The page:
What Jeremy took is called an Orange Tesla, a new high-dosage pill with the Tesla company design.

Krewella performs at a rave in Dallas. David Sanchez/The Et Cetera
Krewella performs at a rave in Dallas. David Sanchez/The Et Cetera

According to the National Institute of Drug Abuse, ecstasy pills contained up to 80 mg of MDMA per pill during the early 2000s. The Orange Tesla contains 240 mg of MDMA, producing feelings of “increased energy, pleasure, emotional warmth and distorted sensory and time perception” by increasing dopamine, serotonin and norepinephrine levels. The drug also affects mood, trust and sexual arousal.
Jeremy said it is important to only take sips of water while rolling, since overhydrating your body without replenishing sodium or electrolytes can result in a hospital visit.
Health effects of ecstasy include increased heart rate and blood pressure and negative effects on the body’s ability to regulate temperature.
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“There’s an invincibility aspect of it,” Ramirez said. “But if it’s stronger and made with different product, you don’t know what the adverse effects are going to be.”
Jeremy took half of the pill and left the rest in his car.
“I would be worried if I took more than half,” he said. “I’d rather just be chill.”
The venues in Dallas that host raves have tried to regulate the use of ecstasy at events.
A security officer for the event that Jeremy attended said that his team tries to keep each venue safe.
“We have to deal with some people that are on all types of stuff,” he said. “But I make sure to not allow anything in.”
The night was a marathon run, with Jeremy entering the concert hall at 10 p.m. and the dancing continuing well past 2 a.m.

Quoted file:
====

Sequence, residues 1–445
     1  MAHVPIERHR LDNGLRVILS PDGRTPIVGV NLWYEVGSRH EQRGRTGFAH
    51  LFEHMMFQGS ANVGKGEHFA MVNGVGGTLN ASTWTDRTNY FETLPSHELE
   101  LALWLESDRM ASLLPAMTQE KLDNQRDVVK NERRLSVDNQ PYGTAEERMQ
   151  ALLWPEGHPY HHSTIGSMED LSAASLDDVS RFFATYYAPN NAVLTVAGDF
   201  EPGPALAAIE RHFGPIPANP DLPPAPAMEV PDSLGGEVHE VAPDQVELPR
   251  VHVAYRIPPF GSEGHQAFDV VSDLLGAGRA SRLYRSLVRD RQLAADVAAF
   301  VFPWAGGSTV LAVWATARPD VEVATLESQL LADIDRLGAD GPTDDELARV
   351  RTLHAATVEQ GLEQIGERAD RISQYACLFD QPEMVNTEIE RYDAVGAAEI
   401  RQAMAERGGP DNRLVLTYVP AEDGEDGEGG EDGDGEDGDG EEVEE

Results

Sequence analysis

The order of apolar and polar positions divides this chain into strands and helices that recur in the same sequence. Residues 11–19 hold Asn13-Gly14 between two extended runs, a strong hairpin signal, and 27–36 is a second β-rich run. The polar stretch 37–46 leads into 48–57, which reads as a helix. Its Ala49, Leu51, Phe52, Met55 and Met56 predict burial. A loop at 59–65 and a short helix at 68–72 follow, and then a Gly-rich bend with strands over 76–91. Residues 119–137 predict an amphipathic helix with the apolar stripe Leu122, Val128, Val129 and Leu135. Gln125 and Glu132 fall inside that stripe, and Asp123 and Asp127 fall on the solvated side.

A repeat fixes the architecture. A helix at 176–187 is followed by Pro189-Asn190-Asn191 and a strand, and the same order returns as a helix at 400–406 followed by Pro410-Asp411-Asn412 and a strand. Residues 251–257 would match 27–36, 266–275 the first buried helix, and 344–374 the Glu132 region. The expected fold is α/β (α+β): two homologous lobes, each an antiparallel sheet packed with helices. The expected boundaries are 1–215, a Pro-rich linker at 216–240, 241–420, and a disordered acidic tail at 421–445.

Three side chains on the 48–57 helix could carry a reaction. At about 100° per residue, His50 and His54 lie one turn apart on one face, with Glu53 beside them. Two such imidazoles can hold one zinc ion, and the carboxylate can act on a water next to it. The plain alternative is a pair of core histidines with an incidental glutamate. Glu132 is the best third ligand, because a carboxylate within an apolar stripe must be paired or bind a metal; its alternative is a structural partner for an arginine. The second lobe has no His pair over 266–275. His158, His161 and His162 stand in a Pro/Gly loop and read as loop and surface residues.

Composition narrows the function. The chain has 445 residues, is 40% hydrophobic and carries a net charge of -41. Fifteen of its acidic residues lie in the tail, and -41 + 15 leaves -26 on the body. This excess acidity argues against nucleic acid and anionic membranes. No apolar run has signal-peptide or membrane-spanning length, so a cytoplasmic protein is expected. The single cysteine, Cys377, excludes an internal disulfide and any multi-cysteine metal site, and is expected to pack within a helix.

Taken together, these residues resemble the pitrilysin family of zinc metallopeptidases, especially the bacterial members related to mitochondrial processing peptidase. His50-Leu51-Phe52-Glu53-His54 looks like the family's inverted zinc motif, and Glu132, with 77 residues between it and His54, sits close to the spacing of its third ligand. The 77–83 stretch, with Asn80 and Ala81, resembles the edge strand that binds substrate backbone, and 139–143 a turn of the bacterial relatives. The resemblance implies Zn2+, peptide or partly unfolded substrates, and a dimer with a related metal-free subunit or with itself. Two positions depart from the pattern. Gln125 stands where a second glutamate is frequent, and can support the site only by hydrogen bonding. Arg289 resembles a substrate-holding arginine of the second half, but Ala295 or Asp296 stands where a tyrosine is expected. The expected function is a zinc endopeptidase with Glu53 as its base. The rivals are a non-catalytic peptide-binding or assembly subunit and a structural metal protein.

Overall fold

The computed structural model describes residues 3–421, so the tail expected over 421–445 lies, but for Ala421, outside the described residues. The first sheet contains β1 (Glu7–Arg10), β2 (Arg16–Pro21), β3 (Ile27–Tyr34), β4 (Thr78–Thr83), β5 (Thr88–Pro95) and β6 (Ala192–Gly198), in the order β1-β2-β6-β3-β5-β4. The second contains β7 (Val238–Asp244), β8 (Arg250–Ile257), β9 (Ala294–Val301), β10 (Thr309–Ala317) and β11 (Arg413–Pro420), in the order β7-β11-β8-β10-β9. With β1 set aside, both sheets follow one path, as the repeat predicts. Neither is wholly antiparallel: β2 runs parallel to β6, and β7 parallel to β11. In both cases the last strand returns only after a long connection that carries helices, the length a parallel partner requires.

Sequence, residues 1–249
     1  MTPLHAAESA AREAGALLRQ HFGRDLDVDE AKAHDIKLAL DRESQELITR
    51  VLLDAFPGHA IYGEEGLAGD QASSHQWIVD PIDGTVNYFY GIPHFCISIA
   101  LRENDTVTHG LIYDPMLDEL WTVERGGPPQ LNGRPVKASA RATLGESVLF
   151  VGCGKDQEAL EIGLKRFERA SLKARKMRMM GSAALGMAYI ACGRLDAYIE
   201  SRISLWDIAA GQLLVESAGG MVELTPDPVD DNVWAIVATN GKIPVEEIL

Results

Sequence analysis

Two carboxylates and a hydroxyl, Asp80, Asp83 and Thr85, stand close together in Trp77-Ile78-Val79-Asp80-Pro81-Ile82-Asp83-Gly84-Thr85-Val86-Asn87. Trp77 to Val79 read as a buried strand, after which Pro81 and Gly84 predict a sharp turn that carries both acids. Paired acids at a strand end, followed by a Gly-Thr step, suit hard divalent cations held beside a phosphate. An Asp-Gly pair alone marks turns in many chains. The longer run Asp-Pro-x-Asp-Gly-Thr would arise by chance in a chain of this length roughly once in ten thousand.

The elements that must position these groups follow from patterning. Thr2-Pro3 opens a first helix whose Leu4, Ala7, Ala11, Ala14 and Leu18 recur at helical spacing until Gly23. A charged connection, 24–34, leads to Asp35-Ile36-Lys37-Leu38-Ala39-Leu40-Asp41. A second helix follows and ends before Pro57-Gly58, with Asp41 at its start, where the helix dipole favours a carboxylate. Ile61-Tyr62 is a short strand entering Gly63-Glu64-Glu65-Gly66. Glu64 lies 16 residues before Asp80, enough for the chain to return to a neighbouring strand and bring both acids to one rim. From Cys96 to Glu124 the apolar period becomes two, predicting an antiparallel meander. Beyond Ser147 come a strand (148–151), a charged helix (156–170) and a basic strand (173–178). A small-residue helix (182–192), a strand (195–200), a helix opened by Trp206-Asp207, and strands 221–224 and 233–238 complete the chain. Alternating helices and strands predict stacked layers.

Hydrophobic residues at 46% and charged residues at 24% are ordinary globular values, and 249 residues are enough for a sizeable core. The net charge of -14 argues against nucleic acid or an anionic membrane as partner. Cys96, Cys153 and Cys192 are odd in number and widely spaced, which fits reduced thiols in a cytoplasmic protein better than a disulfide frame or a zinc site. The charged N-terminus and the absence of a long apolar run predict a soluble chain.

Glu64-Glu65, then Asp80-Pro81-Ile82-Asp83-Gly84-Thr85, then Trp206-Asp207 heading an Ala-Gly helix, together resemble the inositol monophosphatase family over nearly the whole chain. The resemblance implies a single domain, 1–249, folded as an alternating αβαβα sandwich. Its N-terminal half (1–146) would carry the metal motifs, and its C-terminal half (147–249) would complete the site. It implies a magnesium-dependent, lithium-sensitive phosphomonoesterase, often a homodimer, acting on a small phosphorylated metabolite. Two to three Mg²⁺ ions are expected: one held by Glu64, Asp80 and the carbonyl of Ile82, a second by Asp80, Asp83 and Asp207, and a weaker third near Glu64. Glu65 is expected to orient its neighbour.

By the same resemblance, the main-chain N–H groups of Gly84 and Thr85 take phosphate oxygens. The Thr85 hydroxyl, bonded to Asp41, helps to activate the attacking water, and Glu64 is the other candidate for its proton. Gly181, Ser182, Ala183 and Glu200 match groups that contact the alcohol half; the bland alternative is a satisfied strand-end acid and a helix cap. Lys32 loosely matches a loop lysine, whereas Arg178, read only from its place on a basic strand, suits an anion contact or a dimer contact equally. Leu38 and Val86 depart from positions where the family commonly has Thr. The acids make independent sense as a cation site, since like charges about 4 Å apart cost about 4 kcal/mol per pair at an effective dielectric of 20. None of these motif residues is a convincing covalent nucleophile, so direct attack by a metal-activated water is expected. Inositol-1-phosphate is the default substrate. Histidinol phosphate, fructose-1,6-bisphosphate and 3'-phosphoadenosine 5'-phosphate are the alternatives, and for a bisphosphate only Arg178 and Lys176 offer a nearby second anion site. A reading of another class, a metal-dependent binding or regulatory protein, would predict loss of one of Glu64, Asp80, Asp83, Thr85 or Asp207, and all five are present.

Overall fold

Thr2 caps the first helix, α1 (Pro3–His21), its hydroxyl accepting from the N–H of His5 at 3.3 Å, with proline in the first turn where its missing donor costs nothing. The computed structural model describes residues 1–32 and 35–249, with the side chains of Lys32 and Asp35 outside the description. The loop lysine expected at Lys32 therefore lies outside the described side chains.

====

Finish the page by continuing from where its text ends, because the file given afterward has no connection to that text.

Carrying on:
By midnight, the place goes completely dark, and the crowd starts to scream. They wait in anticipation for the headliner of the show. Through smoke and darkness and the murmuring crowd, the DJ positions himself behind the turntables. The room is rumbling. The crowd has reached a unified pleasure. When the first chord fills the air, they sing along to every word.
The beat builds, and the room climbs up with it. As Jeremy prepares for the drop, there’s a moment when his face shows a heightened relationship with the crowd, where those around him bond together like long-time friends. His trance, caused by the dancing, the music and the little orange pill, seems to create a sense of belonging in his raver community.
“How often can you say you’re a part of something like this?” Jeremy said as he left the venue, a big smile on his face and sweat covering his shirt. “It’s not going to last [forever], but right now, it’s our thing.”
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Correction: In a previous version of this article, Dr. Douglas Rushkoff was named as the writer of “E, The Incredibly Strange History of Ecstasy.” Tim Pilcher is the actual author of the book. The Et Cetera regrets this error.